Issues in the Design of a Code Generator
1 Input to the Code Generator
2 The Target Program
3 Instruction Selection
4 Register Allocation
5 Evaluation Order
While the details are dependent on the specifics of the intermediate represen-tation, the target language, and the run-time system, tasks such as instruction selection, register allocation and assignment, and instruction ordering are en-countered in the design of almost all code generators.
The most important criterion for a code generator is that it produce cor-rect code. Correctness takes on special significance because of the number of special cases that a code generator might face. Given the premium on correct-ness, designing a code generator so it can be easily implemented, tested, and maintained is an important design goal.
1. Input to the Code Generator
The input to the code generator is the intermediate representation of the source program produced by the front end, along with information in the symbol table that is used to determine the run-time addresses of the data objects denoted by the names in the IR.
The many choices for the IR include three-address representations such as quadruples, triples, indirect triples; virtual machine representations such as bytecodes and stack-machine code; linear representations such as postfix no-tation; and graphical representations such as syntax trees and DAG's. Many of the algorithms in this chapter are couched in terms of the representations considered in Chapter 6: three-address code, trees, and DAG's. The techniques we discuss can be applied, however, to the other intermediate representations as well.
In this chapter, we assume that the front end has scanned, parsed, and translated the source program into a relatively low-level IR, so that the values of the names appearing in the IR can be represented by quantities that the target machine can directly manipulate, such as integers and floating-point numbers. We also assume that all syntactic and static semantic errors have been detected, that the necessary type checking has taken place, and that type-conversion operators have been inserted wherever necessary. The code generator can therefore proceed on the assumption that its input is free of these kinds of errors.
2. The Target Program
The instruction-set architecture of the target machine has a significant impact on the difficulty of constructing a good code generator that produces high-quality machine code. The most common target-machine architectures are RISC (reduced instruction set computer), CISC (complex instruction set computer), and stack based.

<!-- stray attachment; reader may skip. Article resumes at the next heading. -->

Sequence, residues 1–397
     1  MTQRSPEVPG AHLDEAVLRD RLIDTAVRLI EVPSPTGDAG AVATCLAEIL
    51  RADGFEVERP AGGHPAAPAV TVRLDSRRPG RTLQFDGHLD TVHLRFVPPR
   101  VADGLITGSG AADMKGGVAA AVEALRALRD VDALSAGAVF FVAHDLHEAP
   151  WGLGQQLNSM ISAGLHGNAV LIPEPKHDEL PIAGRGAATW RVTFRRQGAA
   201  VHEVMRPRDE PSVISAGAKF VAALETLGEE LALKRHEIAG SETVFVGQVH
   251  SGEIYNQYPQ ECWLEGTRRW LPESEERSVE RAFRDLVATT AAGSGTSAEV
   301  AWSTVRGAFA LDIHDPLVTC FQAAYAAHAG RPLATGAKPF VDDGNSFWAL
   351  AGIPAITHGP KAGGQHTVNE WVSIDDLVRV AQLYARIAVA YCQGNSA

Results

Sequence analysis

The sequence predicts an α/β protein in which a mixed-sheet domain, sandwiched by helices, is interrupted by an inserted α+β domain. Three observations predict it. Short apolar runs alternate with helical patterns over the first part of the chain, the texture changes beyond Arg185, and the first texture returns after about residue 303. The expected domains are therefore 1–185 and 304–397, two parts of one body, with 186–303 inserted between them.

A RISC machine typically has many registers, three-address instructions, simple addressing modes, and a relatively simple instruction-set architecture. In contrast, a CISC machine typically has few registers, two-address instruc-tions, a variety of addressing modes, several register classes, variable-length instructions, and instructions with side effects.
In a stack-based machine, operations are done by pushing operands onto a stack and then performing the operations on the operands at the top of the stack. To achieve high performance the top of the stack is typically kept in registers. Stack-based machines almost disappeared because it was felt that the stack organization was too limiting and required too many swap and copy operations.
However, stack-based architectures were revived with the introduction of the Java Virtual Machine (JVM). The JVM is a software interpreter for Java bytecodes, an intermediate language produced by Java compilers. The inter- preter provides software compatibility across multiple platforms, a major factor in the success of Java.
To overcome the high performance penalty of interpretation, which can be on the order of a factor of 10, just-in-time (JIT) Java compilers have been created. These JIT compilers translate bytecodes during run time to the native hardware instruction set of the target machine. Another approach to improving Java performance is to build a compiler that compiles directly into the machine instructions of the target machine, bypassing the Java bytecodes entirely.
Producing an absolute machine-language program as output has the ad-vantage that it can be placed in a fixed location in memory and immediately executed. Programs can be compiled and executed quickly.
Producing a relocatable machine-language program (often called an object module) as output allows subprograms to be compiled separately. A set of relocatable object modules can be linked together and loaded for execution by a linking loader. Although we must pay the added expense of linking and loading if we produce relocatable object modules, we gain a great deal of flexibility in being able to compile subroutines separately and to call other previously compiled programs from an object module. If the target machine does not handle relocation automatically, the compiler must provide explicit relocation information to the loader to link the separately compiled program modules.
Producing an assembly-language program as output makes the process of code generation somewhat easier. We can generate symbolic instructions and use the macro facilities of the assembler to help generate code. The price paid is the assembly step after code generation.
In this chapter, we shall use a very simple RISC-like computer as our target machine. We add to it some CISC-like addressing modes so that we can also discuss code-generation techniques for CISC machines. For readability, we use assembly code as the target language . As long as addresses can be calculated from offsets and other information stored in the symbol table, the code gener-ator can produce relocatable or absolute addresses for names just as easily as symbolic addresses.
3. Instruction Selection
The code generator must map the IR program into a code sequence that can be executed by the target machine. The complexity of performing this mapping is determined by a factors such as
• the level of the IR
• the nature of the instruction-set architecture
• the desired quality of the generated code.